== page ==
I've sent people there; friends and family and when they come back, they think they understand — barely — what it means to be there. Reverence. That's the only place I've ever felt it. A cathedral in Saint Sebastian, Spain, built in 300 A.D. gave me the closest feeling of reverence that Piedmont does. I ran my fingers along the stone threshold in the cathedral a year after Brent was buried. I can still imagine how my fingerprints felt on both stones.

I have a piece of art from a best friend who shushed her kids at the cemetery as they made a graphite etching of Brent's headstone. When I got the etching, it startled me. We are etched together, as husband and wife, but not together, now.

Brent and I made love for the first time on a hill in Piedmont; I wore his shirt. After he died, I learned that other couples had done the same. It's a place that you are yourselves. And that happened to be the best we were at the time. Sometimes I think about that day, but not always; and never when J.D. is there. We have our own places that can’t compare.

Piedmont is a ghost town, full-fledged, registered ghost town. The boards are warped in the house that Fae was born in. We used to have family reunions in it, but it's dilapidated and unsafe except to poke your head or one foot and a camera into. It's magic in a very small scale that Lake Powell or the Grand Canyon is magic. People without a connection may call it lovely, sweet or interesting. But to family, and in-laws, it's magic and intriguing and the stories are worth repeating. There are headstones that just say "Child - Killed by Indians."

There are other headstones that give you the full lineage from Moses to Brent, or to Craig, the next brother that died prematurely. And Fae tells stories that grow or diminish as she grows old. The family keeps the stories alive. I'm only part of the family now and I have my own family, and J.D.'s family that must be kept too. Now that I know that my great-grandfather was the Garfield County Attorney, I have a responsibility to tell his story along with many, many others.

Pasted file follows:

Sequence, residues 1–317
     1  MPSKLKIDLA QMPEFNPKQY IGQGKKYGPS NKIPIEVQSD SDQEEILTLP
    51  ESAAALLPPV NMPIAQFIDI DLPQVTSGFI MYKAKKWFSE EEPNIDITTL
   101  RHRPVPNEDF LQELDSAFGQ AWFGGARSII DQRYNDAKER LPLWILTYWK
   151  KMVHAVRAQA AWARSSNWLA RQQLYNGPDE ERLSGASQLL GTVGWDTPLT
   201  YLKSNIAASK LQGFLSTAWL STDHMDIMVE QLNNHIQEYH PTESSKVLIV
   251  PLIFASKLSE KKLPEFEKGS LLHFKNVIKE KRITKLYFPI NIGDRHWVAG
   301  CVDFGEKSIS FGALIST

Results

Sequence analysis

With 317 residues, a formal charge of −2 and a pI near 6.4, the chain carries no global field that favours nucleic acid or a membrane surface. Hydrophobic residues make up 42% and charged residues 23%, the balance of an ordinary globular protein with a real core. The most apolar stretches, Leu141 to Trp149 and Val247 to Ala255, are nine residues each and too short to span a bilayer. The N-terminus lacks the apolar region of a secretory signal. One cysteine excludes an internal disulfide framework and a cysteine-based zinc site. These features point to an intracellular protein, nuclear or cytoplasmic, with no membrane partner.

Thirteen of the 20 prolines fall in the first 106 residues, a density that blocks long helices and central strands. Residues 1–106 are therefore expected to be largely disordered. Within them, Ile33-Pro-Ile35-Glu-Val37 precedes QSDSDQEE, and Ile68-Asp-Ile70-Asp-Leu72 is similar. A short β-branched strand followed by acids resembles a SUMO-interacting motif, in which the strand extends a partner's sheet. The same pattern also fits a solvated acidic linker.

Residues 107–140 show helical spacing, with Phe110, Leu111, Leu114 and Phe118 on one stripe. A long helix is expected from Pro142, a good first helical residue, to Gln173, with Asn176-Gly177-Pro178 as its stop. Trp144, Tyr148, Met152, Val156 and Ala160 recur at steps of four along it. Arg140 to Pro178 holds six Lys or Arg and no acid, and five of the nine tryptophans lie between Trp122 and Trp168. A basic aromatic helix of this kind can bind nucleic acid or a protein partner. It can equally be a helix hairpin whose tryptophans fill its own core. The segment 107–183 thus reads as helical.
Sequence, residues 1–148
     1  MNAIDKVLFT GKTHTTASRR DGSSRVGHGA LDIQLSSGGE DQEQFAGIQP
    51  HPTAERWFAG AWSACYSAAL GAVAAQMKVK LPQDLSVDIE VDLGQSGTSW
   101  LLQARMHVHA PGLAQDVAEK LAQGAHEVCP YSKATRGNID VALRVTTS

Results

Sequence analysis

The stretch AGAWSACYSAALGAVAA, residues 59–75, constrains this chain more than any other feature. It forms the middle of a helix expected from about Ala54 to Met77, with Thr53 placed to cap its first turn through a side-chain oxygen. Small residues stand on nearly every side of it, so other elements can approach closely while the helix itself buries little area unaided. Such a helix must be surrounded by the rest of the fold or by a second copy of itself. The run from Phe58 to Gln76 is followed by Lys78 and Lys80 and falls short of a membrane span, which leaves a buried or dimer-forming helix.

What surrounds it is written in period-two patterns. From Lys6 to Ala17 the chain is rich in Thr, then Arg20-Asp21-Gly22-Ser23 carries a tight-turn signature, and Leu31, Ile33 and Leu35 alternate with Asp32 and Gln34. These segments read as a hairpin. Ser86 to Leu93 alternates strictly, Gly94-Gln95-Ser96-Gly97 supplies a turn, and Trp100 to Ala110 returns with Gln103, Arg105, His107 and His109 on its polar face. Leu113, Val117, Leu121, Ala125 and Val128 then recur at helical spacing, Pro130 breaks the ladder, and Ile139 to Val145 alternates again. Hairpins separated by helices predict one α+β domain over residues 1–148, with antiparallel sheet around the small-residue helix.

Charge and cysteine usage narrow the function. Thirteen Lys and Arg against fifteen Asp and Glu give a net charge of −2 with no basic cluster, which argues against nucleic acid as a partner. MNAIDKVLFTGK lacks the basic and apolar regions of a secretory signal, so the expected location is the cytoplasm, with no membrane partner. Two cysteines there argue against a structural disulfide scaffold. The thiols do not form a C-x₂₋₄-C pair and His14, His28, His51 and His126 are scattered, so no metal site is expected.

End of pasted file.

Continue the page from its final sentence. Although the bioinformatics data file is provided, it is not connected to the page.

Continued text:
There are tiny purple flowers and a wild rose bush above Brent's grave. There are tacky plastic flowers that a frugal generation leaves because plastic lasts. Our kids leave pinwheels and painted wooden sunflowers. Bree left a pointed flower 15 years ago that the chipmunks have chewed until it is round, but it is still there and it's the most beautiful thing in the valley because she didn't need to leave a calling card with it. It is Bree sublime. She has left her spirit there — just for her Dad.

I leave tears and water for the itsy, bitsy purple blossoms that grow in the niche between the cement headstone and dry spring earth. And I leave my fingerprints. One year I realized that I had nearly scuffed off the ridges on my index finger from tracing "Clifford Brent" engraved in the granite.

The family collects rocks. I think all families collect rocks. At least all the families I've gathered in 52 years collect rocks. J.D and I took a rock laden with lichen and cracked; its parts are separated just enough to run a piece of wheat through the gap. But so close together that it looks like only a tight black thread runs through it. It is part of many pieces that line our driveway and sometimes I go to it and smile because I know where it has been. I wonder if J.D. does that too.

There are a few people who have taken a charred stone from the blown-up charcoal kiln. I know because I see them in the flower beds at their houses — it is sacred ground that begs to be shared in daily lives. I do not disapprove. I hope to see part of a rock wall in Idaho one day that has Brent and Craig ashes on it.

A few highlights of Piedmont are here, but you'll never catchthe magic unless you go there.
Google Piedmont, WY for more links.

Monday, May 30, 2011


Dad gave in yesterday. He didn't give up; he's still fighting, but he gave up his dignity to necessity. His scrawny flesh hangs on his skeleton. I don't know how a person lives that long with no nutrients. What he gets is pumped in with saline and there's no meat left anywhere. Just a saggy dress of flesh. "What's your plan? What do you need Dad?"

He answers, "Time."

Watching him made the horror that Kristin went through every day for 6 months as she watched me waiting for time very real. Full of boredom and silence. There were just a handful of days that I wasted time. But a lot of time was spent waiting, for the next thing to heal. The scrapes on Dad's knees are gone. When I asked him about it, he slid up his drapy hospital gown to show me the worn flesh on his arms that hadn't entirely healed yet. I wanted to stand and put my chest against his in a deep hug. I remember that was the one thing I missed desperately. I can't stand, so the hug went undone.